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John Tesh: NBC Sports May Revive “Roundball Rock” For NBA Games.

NBC ‘Roundball Rock,’ composed by John Tesh, holds a significant place in the history of NBA broadcasting. It served as the iconic anthem for NBA games on NBC until 2002 and continues to be a fan favorite. In recent news, NBCUniversal, under the management of Comcast, has sponsored an offer to the tune of $2, signaling a potential return of this iconic theme to NBA broadcasts.

The NBA’s search for three media partners, with deals seemingly in the works with Disney and Amazon for two of the packages, has fans on the edge of their seats. The third, whether it be with NBCU or WBD, is still up for negotiation. However, the $10 billion bid from NBCUniversal, more than double what Warner Bros. Discovery has offered, could potentially reshape the NBA viewing experience for fans.

NBC Sports May Revive “Roundball Rock” For NBA Games.

The CEO of Warner Bros. Discovery, David Zaslav, has prioritized financial discipline since he became the new captain. He is trying to cut debt and increase free cash flow. While NBA salaries can only be retailed, he is cautious about relying on sports’ fluctuating nature because he does not want to lose control over licensing sports rights.

However, Warner Bros. Discovery, NBC, and the NBA have not made vocal statements in this regard.

John Tesh
Image source: Facts.net

The rights to ‘Roundball’

The ‘Roundball Rock’, a symbol of ‘The NBA on NBC’, evokes a sense of nostalgia for the era when Michael Jordan reigned supreme and the voices of broadcasting legends like Bob Costas and Marv Albert resonated at every NBA game. Its popularity was cemented when USA Today hailed it as the greatest sports TV theme in 2017, sparking a flurry of articles and comedy skits in its honor.

Apart from its last NBA broadcast in 2002, it is surely the theme that still makes rounds in fans’ memory, even among viewers who watched college basketball games aired by Fox Sports since 2018-19. Should NBC Sports regain NBA rights, John Tesh, the “Roundball Rock” composer, confirms they are free to license the theme again.

Media organizations’ entitlements include access to songs, the rights of which are signed for three years, and compensation that remains undisclosed and is based on usage. Tesh, for him, the most surprising part of the viral popularity of “Roundball Rock” is that the song now gets celebrated across the online platforms that we now know, and fans sample it on various instruments.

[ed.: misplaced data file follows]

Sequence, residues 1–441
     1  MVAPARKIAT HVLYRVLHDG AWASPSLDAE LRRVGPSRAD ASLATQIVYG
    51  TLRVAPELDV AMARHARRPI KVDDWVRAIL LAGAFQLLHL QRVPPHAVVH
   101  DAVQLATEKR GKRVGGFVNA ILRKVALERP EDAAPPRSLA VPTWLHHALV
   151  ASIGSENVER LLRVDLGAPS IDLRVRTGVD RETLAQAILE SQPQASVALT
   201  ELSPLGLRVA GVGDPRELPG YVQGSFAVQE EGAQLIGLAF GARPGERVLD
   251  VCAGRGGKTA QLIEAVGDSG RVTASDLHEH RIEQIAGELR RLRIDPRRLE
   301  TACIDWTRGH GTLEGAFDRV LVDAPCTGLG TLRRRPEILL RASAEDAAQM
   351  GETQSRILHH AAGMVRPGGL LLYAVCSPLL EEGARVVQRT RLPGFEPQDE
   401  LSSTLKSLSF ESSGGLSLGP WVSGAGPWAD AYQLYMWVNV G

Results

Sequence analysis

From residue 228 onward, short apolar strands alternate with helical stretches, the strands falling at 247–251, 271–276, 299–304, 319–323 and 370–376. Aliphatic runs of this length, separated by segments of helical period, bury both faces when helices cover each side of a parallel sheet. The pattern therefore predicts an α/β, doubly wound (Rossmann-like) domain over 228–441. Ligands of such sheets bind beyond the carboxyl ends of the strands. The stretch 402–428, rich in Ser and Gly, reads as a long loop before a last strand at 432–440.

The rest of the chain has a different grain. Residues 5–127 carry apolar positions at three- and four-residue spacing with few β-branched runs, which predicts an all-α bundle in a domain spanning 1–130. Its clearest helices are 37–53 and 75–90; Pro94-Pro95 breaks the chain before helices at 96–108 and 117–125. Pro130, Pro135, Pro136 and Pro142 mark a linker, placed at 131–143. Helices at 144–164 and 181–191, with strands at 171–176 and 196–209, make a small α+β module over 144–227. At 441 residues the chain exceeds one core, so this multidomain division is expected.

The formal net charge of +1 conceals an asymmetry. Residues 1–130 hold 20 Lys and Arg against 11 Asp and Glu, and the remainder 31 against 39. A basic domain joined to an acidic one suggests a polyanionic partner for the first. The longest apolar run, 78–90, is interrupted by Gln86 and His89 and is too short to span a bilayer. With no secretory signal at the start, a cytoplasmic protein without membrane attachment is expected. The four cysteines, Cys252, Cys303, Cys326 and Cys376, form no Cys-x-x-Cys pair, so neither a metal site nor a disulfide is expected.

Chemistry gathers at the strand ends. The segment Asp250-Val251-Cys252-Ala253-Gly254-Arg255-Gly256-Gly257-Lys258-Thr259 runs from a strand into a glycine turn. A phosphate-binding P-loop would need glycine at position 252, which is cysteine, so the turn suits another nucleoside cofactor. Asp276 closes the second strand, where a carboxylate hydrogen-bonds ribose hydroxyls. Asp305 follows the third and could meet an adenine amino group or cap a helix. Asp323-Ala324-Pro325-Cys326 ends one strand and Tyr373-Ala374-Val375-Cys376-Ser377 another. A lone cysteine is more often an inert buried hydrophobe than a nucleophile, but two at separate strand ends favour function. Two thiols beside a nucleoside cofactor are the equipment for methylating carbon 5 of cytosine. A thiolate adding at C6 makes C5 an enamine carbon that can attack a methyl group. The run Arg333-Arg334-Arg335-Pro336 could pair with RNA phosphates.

As the talks of NBC re-airing NBA games again for the 2025-26 season have come to the fore, fans can rest assured that “Roundball Rock” is still out there, ready to bring back the thrill of basketball on television.


People also ask;

  1. Who designed the NBA logo, which is so famous?

The most popular logo among all the NBA team logos is the one of the league itself. It was first used in 1969 when the league wanted to create a special identity for the league that the fans could accept as a brand. One of the key contributors to the game’s logo was Alan Siegel (designer and CEO of Siegelvison, a corporate identity consultant), who was commissioned to create a frozen deliciousness symbol. Siegel found his inspiration in a photograph of the famous Jerry West, the L.A. Lakers superstar at that time, jumping to the basket. The NBA logo was inspired by the shape of West moving with ball possession uniquely and beautifully.

2. NBC can still restore the NBA, but will it be able to if a viable alternative is on the horizon?

The current NBA media rights deal is set to expire in the 2024-25 season. As we look ahead, there’s a possibility that NBCUniversal, the Comcast-owned company, could step in and secure the rights to a group of NBA matches. This potential move, if it materializes, could significantly reshape the landscape of NBA broadcasting, sparking a new era of sports media.

3.  When I hear John Toss talking about his remarkable success, I ask myself: Did John Tesh write the NBA theme?

John Tesh is the writer — and the owner — of “Roundball Rock,” the former theme song of the NBA on NBC. Sometime about 15 years earlier, at one of his concerts, Tesh narrated the story of the writing of the song “The Single Most Indispensable Thought.” He was relaxing in a hotel room with no music, so he had to call his at-home answering and left a missle of voice with himself, as he needed to repeat the tune exactly. Thus, the world’s most famous NBA tune came to be.

4. What’s the case with NBC’s taking of NBA rights?

NBC was famous for its four-year contract deal worth US$1 billion. In the spring of 2002, the league renewed its NBA rights with a bid of $3 billion, but the league instead made six-year deals worth $4 billion with ESPN, ABC, and TNT. The bottom line is that NBC was far from matching Disney’s dual presence with ESPN and ABC through a combined broadcast-cable deal.

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